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Changing History: Jan-Jan Joubert talks to Charles van Onselen about his latest book The Cowboy Capitalist

When Charles van Onselen finds new information about history, he doesn’t allow conventional wisdom to get in his way, writes Jan-Jan Joubert for the Sunday Times

The Cowboy CapitalistThe Cowboy Capitalist
Charles van Onselen, Jonathan Ball Publishers
****

The Jameson Raid took place in 1896, a British imperialist adventure in which Cecil John Rhodes, Leander Starr Jameson and Joseph Chamberlain failed to overthrow the government of Paul Kruger. They were after gold, right? Not so fast, says South Africa’s most adventurous historian, Charles van Onselen, in his new book, The Cowboy Capitalist. It’s a galloping read which adds further dimensions to the story and turns our understanding of the Jameson Raid on its head.

The book came about by chance when Van Onselen stumbled upon information on the American link to the raid. Through rigorous research, Van Onselen unearthed the role of the American imperialist capitalist John Hays Hammond in the raid, a point proved by Hammond’s being one of the main accused after the raid – which has often been overlooked.

He also focuses on a Boer fifth column centred on Kruger’s political opponent General Piet Joubert, lawyer Ewald Esselen and the poet-journalist Eugene Marais, and their ambivalent role during the raid.

Van Onselen has written about anti-heroes and downright scoundrels on the cusp of the previous century. Why that time frame, and why choose such miscreants as his focus?

“History is about change, and change was on steroids in the Industrial Revolution,” comments the historian, lounging on a sofa in Cape Town’s Mount Nelson Hotel.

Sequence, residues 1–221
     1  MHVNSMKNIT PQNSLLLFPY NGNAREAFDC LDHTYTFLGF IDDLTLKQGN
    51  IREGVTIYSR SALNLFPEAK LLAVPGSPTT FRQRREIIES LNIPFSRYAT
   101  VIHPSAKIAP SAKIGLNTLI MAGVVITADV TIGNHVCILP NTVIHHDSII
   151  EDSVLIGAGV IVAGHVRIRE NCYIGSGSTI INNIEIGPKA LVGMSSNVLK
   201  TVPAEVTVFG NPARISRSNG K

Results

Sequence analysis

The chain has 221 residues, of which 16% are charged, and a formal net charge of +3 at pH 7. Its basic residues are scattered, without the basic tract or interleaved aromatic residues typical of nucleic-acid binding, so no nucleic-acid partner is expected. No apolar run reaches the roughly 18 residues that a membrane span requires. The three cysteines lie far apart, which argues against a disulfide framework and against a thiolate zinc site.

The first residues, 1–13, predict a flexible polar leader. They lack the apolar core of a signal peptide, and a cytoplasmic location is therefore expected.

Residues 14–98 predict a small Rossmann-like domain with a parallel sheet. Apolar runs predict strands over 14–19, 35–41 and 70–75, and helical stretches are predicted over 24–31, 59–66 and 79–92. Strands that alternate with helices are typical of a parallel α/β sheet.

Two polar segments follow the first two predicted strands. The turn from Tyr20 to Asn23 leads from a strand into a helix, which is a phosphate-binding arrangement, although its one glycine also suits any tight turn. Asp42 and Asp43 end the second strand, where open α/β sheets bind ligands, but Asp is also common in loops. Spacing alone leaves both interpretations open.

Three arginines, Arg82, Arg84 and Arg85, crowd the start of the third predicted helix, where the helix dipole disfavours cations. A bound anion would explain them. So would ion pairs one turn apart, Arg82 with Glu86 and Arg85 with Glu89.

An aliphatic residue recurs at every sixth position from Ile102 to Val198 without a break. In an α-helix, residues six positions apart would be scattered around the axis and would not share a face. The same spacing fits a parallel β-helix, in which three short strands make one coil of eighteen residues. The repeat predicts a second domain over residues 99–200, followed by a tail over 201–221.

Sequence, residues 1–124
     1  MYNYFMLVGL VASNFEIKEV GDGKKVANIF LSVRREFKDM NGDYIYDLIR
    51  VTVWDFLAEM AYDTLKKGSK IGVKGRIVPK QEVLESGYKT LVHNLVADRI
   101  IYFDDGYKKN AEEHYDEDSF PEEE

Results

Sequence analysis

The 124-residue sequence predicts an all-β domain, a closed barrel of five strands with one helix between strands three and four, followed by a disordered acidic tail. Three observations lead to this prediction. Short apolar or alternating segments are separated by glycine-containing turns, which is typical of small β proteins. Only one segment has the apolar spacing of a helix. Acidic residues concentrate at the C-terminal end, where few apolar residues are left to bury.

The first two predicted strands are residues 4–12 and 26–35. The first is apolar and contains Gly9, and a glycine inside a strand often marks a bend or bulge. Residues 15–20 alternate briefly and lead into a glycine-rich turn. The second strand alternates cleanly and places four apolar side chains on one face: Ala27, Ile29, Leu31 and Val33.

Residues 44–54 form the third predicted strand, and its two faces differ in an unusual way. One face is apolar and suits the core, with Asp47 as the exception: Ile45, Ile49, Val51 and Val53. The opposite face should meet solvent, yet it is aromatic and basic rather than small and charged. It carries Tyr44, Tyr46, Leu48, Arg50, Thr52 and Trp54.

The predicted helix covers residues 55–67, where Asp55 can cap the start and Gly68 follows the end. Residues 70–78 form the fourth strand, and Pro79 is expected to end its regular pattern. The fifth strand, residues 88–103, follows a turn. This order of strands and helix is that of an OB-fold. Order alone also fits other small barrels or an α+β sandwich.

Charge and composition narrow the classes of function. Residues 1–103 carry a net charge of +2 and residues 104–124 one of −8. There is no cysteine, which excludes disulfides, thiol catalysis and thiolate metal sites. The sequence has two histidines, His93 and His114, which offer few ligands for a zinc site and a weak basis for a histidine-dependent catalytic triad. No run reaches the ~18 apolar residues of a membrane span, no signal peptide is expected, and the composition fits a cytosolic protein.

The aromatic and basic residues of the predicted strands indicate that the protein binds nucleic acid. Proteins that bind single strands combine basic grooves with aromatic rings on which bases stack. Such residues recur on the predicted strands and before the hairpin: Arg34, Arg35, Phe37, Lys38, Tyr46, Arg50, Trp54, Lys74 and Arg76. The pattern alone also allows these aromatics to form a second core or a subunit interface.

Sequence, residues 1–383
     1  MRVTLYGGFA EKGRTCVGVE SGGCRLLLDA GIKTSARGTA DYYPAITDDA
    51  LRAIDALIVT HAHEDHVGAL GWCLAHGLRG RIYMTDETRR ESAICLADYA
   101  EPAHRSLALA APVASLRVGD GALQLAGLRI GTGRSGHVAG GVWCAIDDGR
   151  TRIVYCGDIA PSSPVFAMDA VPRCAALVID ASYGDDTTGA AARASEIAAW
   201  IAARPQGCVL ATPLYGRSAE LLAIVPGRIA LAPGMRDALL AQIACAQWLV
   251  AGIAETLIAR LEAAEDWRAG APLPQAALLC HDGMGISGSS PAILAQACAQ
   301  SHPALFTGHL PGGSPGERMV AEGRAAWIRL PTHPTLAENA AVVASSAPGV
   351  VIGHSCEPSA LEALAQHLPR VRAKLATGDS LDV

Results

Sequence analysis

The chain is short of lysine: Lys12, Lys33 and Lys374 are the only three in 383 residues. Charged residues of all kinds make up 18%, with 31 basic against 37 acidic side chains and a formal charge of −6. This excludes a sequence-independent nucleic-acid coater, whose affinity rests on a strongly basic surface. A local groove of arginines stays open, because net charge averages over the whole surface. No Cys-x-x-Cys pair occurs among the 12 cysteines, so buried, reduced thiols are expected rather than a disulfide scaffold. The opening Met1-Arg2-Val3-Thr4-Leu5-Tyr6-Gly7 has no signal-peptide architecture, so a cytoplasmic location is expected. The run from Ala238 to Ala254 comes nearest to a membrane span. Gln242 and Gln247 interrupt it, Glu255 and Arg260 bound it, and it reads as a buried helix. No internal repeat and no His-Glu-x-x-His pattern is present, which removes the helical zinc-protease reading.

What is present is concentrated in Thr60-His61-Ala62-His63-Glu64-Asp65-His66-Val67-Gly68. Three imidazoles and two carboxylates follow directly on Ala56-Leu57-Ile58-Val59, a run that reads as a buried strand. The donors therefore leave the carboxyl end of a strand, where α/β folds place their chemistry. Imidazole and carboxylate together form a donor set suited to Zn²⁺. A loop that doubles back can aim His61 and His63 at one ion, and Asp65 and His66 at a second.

“Everything was sped up; structures, processes and people played themselves out. And I’ve always been interested in the overlaps of crime as politics and politics as crime,” he says.

“If a society’s moral and ethical foundations, and its institutions, are weak the powerful will enrich themselves at the expense of the weak.

“As for the main characters, with the exception of Joseph Silver in The Fox and the Flies, who is psychotic, they have virtuous aspects and human weaknesses, but are socially undesirable.

“The figures I focus on are often eccentric and strange, but thematically they illustrate how politics and crime become interlinked. Their behaviour is outside of the norm, and therefore acts as litmus to the norm – which exposes the true norms of their societies. Where they connect, truth emerges. Does man shape society, or does society shape man? Where people are off-centre, like many of the people about whom I write, it tells you much about their society.

“Imagine, for instance, if a thief, a liar and a cheat runs a country, what does it tell you about the country?” he says, and for a moment the divide between past and present becomes unclear.

Van Onselen’s books straddle continents rather than being contained to countries. “The figures I prefer to write about function on a global scale; I don’t regard myself as being confined to writing South African history.

“I am allergic to nationalism. If you confine yourself to the history of the nation state, it becomes a nationalist narrative. The world is much more interesting than that. The world of knowledge has no passports or borders.”

Regarding the Jameson Raid, Van Onselen believes in following the money, and the American expansionist Hammond made a lot of it – he was the highest paid mining engineer in the world at the time.

Racial policy and social justice aside, Van Onselen believes Paul Kruger was an excellent president. “Kruger was the best president this country has ever known. He had to steer an agrarian society into a capitalist, industrialising one within a matter of 10 years and had to deal with the full-scale coup d’etat which the Jameson Raid was. No other president had to adapt so completely,” he argues.

And that is the story he tells in The Cowboy Capitalist – how the Jameson Raid had its roots in the American West and the Confederacy; how Jameson’s personality played a part, and how Rhodes became something of an unwilling accomplice.

In so doing, he asks new questions, sets new paradigms, uncovers new facts and proposes new visions of the past – the very reason no one who loves history and wants to understand this beloved country can afford not to read The Cowboy Capitalist.

It is the way history is supposed to be written.

Book details

Also available as an eBook.

 

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